Toronto-Based Singer-Songwriter Laura Repo Releases Chapbook in Connection with New Album “This Is My Room”, Available Now
“It’s like a deep acceptance of oneself — a big blue sky,” says Canadian singer/songwriter Laura Repo on her newest folk-pop album — the decade-in-the-making missive, This Is My Room — available now. “That’s what this album feels like to me.”
Her fourth full-length release, This Is My Room sees Repo exploring new musical avenues with producer Tino Zolfo (Hawksley Workman), who she met at their local coffee shop, The Common, and recorded demos with back in 2009.
Little did either of them know that those demos would lead to a full-length album almost 10 years later.
This Is My Room’s vocals — which are lower, Repo says, and more cool and conversational — weren’t about perfection. They were about feel and serving the song. “Many of my vocals were recorded in one take, as if the songs had a mind of their own,” Repo says. There are even two songs from the ten year old demo sessions that were left intact for the release, title track “This Is My Room” and “Too Soon To Miss You.”
The result is Repo’s most upbeat, poppy, eclectic album to date with big funky horns, arranged by Zolfo, and played by Rebecca Hennessy (trumpet and flugelhorn) and Tom Richards (trombone) on songs like gorgeously breezy instant classic “Just A Friend” and rhythmic, sparsely bombastic “Power Of The Night.” Elsewhere, the new album is bassy and psychedelic, as on opener “Country Girl,” which is an homage to Everdale Place, where Repo went to school from the age of four to seven (her father taught there and was one of the school’s founders); visits a zydeco party for “Too Soon To Miss You” with Tania Gill on accordion, reimagines girl group songs on “Johnny Finn,” in which Repo urges an ex to “let your love in,” visits Montreal on down-tempo “Wednesday,” and arranges feelings while sorting out the house on “Perspective,” a brilliant song.
“The launch started like a poetry reading,” she recalls; the album was kicked off this past fall with a successful crowdfunding campaign that both exceeded its goals and included Repo’s homemade granola in its perk list — a win/win for everyone.
With her cousin — actor Liisa Repo-Martell — reading poems to the sold-out room from O Motherhood, the poetry chapbook made especially for high-tier backers, the expansive ethos that is Repo and all she represents enjoyed a full-circle moment.
A dynamic force in the motherhood support and pre/post-natal care space, Repo also hosts Write On Mama, a writing group for mothers. “This is what I’m trying to create for other mothers, a space that can pull out art making from simply writing in a journal, even if it’s only once a month,” she offers. “And even if it doesn’t lead to art making, it has been a valuable space for just staying anchored in one’s own voice.”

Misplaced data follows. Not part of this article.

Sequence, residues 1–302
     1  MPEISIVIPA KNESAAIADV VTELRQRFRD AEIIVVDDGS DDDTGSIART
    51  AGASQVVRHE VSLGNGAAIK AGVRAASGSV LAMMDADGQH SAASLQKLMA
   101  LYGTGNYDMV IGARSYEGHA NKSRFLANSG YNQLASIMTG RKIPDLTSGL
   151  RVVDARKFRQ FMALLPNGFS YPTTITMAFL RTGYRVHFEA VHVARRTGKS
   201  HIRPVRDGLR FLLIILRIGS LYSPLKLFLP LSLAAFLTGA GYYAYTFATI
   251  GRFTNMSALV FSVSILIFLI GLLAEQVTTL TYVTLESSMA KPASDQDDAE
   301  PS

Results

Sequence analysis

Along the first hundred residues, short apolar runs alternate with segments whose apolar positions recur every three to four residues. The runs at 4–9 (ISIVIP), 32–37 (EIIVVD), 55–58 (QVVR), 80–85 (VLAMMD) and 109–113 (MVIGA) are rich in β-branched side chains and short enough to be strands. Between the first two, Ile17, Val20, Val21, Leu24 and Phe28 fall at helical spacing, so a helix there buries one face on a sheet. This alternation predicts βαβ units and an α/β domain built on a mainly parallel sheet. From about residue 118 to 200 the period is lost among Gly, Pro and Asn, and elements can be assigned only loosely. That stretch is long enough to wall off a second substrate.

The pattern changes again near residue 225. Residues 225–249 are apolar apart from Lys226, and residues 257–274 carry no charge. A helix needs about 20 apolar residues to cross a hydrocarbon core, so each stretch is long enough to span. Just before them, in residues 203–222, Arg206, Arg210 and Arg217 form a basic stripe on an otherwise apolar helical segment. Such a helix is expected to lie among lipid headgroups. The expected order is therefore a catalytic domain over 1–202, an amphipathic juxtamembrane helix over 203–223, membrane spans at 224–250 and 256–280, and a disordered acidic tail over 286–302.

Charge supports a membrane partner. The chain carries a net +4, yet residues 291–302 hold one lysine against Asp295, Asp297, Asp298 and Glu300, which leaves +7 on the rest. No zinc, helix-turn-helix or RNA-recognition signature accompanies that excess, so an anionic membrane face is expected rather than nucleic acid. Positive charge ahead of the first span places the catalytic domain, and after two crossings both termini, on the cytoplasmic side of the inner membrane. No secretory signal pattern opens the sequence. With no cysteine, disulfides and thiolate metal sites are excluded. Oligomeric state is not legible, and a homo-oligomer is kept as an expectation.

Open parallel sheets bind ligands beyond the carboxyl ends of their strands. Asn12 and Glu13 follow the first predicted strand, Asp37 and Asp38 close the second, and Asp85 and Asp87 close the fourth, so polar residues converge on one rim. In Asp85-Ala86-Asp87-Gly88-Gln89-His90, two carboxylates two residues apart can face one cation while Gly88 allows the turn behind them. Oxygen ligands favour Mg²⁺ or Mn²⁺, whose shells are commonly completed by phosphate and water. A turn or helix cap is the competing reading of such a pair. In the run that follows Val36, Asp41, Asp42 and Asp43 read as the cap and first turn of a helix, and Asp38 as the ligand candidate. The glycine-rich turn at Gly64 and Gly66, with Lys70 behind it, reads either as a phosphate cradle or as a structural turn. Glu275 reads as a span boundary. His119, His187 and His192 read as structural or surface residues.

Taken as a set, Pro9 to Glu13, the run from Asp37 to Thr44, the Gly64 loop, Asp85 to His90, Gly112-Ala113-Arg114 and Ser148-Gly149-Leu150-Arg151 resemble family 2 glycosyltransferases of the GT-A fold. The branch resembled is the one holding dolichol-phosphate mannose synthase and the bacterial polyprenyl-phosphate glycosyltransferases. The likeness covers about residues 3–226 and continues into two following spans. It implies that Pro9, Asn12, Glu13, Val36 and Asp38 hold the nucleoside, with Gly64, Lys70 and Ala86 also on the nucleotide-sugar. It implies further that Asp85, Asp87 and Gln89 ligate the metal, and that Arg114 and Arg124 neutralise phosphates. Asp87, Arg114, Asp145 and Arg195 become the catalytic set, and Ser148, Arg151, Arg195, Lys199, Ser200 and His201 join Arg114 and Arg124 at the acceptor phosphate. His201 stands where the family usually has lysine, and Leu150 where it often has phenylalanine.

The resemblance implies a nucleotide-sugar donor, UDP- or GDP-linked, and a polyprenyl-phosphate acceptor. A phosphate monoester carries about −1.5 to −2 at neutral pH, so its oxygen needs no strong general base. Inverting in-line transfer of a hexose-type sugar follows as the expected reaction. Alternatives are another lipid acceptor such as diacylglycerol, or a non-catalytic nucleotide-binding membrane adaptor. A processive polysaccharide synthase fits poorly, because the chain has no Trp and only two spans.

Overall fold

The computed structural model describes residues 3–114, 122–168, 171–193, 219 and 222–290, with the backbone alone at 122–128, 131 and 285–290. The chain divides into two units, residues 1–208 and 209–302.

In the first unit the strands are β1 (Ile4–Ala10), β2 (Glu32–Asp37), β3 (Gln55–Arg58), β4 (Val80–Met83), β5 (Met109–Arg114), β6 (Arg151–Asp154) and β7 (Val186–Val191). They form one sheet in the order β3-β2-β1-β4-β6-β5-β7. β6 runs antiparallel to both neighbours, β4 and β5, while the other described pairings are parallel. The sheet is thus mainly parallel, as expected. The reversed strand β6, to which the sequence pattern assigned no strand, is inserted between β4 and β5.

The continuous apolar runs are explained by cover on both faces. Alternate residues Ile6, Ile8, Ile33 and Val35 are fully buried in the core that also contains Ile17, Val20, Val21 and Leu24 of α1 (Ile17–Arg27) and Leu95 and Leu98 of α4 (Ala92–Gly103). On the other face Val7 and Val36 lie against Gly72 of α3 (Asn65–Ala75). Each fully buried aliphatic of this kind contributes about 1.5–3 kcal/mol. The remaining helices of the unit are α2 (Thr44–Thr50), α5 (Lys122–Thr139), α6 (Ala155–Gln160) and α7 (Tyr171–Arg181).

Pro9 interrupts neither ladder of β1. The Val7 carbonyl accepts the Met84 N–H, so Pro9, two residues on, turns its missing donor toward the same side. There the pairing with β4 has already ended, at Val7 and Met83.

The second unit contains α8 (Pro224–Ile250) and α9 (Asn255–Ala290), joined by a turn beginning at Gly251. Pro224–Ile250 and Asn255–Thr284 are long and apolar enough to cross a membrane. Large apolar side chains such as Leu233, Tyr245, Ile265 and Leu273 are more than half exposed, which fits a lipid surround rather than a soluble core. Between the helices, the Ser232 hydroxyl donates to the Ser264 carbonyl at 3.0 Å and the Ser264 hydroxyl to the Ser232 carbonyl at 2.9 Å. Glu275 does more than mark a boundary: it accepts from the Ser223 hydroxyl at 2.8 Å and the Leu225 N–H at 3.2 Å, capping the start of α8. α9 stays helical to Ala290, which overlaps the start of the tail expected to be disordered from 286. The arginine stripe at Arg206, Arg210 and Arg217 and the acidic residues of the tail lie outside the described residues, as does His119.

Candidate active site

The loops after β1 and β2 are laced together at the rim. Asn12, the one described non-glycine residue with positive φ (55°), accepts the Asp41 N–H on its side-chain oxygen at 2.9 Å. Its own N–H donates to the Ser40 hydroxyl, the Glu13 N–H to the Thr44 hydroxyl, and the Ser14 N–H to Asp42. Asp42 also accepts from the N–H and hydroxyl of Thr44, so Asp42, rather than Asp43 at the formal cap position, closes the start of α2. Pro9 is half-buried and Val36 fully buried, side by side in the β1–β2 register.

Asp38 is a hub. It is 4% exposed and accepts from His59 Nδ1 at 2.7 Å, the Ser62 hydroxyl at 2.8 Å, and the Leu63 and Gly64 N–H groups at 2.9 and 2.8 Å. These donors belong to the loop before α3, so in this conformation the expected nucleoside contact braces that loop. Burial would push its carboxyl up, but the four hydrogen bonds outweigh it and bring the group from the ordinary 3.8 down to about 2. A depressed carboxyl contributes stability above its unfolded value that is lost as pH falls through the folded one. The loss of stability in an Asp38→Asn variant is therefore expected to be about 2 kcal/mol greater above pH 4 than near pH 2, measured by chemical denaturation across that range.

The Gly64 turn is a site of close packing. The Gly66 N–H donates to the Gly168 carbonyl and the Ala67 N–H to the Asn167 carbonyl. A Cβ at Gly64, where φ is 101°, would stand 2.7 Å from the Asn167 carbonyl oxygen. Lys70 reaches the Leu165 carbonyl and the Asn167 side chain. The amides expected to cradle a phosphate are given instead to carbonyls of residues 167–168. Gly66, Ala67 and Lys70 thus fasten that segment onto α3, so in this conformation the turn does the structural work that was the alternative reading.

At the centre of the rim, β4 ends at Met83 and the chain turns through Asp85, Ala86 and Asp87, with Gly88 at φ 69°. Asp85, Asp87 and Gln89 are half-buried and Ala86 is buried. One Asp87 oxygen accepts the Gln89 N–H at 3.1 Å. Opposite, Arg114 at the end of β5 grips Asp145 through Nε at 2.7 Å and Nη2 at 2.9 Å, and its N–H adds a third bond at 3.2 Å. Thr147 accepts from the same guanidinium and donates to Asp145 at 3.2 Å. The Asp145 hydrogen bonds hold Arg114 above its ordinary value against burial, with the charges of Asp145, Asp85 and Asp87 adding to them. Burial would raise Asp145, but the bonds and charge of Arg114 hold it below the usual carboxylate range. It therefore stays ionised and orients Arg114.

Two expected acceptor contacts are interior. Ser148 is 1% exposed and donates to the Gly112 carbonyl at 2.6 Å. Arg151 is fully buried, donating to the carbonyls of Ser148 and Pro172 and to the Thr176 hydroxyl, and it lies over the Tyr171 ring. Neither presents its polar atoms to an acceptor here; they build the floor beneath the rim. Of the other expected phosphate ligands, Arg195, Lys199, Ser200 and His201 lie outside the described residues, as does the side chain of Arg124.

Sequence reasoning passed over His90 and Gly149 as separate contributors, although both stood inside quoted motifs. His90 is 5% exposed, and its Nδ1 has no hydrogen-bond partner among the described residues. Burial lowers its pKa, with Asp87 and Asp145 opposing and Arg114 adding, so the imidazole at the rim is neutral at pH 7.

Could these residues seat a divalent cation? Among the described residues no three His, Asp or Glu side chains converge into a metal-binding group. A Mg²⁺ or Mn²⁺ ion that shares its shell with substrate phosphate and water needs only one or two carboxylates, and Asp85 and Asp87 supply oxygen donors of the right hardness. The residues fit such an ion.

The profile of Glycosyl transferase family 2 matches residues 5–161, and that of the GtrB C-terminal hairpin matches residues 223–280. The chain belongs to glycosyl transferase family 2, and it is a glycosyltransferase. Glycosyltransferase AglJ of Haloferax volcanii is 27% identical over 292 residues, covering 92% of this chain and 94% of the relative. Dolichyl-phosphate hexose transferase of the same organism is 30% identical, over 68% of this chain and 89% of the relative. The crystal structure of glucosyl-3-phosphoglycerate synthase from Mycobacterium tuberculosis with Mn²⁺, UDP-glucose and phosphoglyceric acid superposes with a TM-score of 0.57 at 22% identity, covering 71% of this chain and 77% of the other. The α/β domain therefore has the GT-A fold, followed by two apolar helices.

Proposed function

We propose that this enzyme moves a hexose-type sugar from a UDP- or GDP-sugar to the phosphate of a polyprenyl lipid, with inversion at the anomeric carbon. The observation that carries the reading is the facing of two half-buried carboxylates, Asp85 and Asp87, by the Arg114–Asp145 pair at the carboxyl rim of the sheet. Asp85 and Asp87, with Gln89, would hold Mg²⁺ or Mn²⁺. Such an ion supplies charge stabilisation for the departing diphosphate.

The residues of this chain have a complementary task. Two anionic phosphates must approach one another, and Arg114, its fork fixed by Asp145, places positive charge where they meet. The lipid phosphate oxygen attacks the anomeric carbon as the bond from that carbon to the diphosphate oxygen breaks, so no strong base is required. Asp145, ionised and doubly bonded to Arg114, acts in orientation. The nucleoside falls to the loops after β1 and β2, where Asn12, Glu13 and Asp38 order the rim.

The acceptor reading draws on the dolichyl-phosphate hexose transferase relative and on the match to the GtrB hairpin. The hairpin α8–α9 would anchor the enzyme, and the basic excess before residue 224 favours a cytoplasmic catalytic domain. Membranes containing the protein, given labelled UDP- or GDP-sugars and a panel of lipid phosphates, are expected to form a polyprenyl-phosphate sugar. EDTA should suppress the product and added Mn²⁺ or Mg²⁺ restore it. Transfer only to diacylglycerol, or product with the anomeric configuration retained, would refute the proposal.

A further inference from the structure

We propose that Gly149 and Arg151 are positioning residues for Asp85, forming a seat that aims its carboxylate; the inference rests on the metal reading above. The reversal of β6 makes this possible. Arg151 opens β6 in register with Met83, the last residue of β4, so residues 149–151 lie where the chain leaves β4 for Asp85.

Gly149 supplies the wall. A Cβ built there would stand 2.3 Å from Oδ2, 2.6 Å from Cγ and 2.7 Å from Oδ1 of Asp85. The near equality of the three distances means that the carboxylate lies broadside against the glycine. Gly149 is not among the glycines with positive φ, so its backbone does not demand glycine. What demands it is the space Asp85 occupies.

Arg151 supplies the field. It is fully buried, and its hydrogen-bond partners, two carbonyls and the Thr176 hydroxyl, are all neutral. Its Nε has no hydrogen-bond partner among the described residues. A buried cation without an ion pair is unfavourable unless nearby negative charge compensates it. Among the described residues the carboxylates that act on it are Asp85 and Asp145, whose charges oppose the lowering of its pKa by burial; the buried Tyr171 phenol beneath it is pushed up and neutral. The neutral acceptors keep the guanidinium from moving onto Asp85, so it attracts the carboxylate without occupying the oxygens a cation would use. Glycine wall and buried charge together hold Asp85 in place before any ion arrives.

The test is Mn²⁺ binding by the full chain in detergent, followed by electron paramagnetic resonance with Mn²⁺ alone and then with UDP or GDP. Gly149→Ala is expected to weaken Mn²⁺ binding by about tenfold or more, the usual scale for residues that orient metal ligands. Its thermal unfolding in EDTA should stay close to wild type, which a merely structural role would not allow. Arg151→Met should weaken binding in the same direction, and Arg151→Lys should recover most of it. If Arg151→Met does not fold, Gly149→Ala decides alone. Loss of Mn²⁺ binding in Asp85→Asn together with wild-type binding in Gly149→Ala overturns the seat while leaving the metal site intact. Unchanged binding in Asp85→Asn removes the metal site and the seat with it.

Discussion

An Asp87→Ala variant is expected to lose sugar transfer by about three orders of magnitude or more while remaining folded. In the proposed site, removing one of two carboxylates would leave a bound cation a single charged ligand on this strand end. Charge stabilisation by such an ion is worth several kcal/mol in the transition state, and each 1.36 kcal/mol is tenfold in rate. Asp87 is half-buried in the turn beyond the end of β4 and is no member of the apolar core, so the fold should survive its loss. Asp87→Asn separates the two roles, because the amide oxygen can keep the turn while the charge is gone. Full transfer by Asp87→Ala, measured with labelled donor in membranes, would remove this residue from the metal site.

The group came together in 2012 when Repo put together a weekly session called ‘Writing Through the Twilight Zone’ for mothers with babies, who came once a week to write. From her own experience raising a child, she knew the value of a writing practice as a way to process the challenges of motherhood. The group continues to meet weekly, and is essentially a quiet space dedicated to encouraging a writing practice.
In addition to helping other mothers formulate thoughts through their fog, she also assisted herself. “My group actually helped keep my own songwriting moving forward,” she reflects. “I wrote ‘Country Girl’ as part of a session I did on the songs of Bon Iver. His song, ‘Blindsided’, pulled out the lyrics to my song, almost from thin air.”
Repo has toured Canada and Finland (her mom’s homeland), played the Winnipeg Folk Festival, Lunenburg Folk Harbour Festival, Finland’s Kaustinen Folk Music Festival and Harbourfront’s Concert Stage. She has opened for Beth Orton, Kelly Willis, Oh Susanna, John Borra and Jerry Leger and collaborated with John Switzer (Jane Siberry) and The Woodshed Orchestra. In 2014 Repo assembled A Band Of Mothers – Marnie Niemi Hood (Roses In The Snow), Kristin Cavoukian (Houndstooth), D’Arcy Good (The Good Family) and Repo – for a special Mother’s Day show at Hugh’s Room.
Following a long wait after 2011’s critically acclaimed Get Yourself Home — which was produced by the Foggy Hogtown Boys’ Andrew Collins and nominated for a JUNO Award for best cover art — This Is My Room sees Repo exploring new musical avenues with producer Tino Zolfo (Hawksley Workman), who she met at their local coffee shop, The Common, and recorded demos with back in 2009. Little did either of them know that those demos would lead to a full-length album almost 10 years later.
The release of Get Yourself Home coincided with some hard times for Repo: her father died suddenly in 2012, followed four years later by her son Sami’s father, Paul, who passed away from cancer. “During that time I got to know something about grief and how it can take your voice away,” Repo says. “The sensation of not wanting to open my mouth to make a sound and the strangeness of not being moved by music was new for me.”
Gradually, joy came back to her.
“I discovered something new about music in the quiet time,” Repo says. “That singing is about finding a thread attached to hope, something like singing for the spirit of music itself, filling that well, wherever it exists.”
This Is My Room is available now.
We would like to thank Eric Alper for the media release.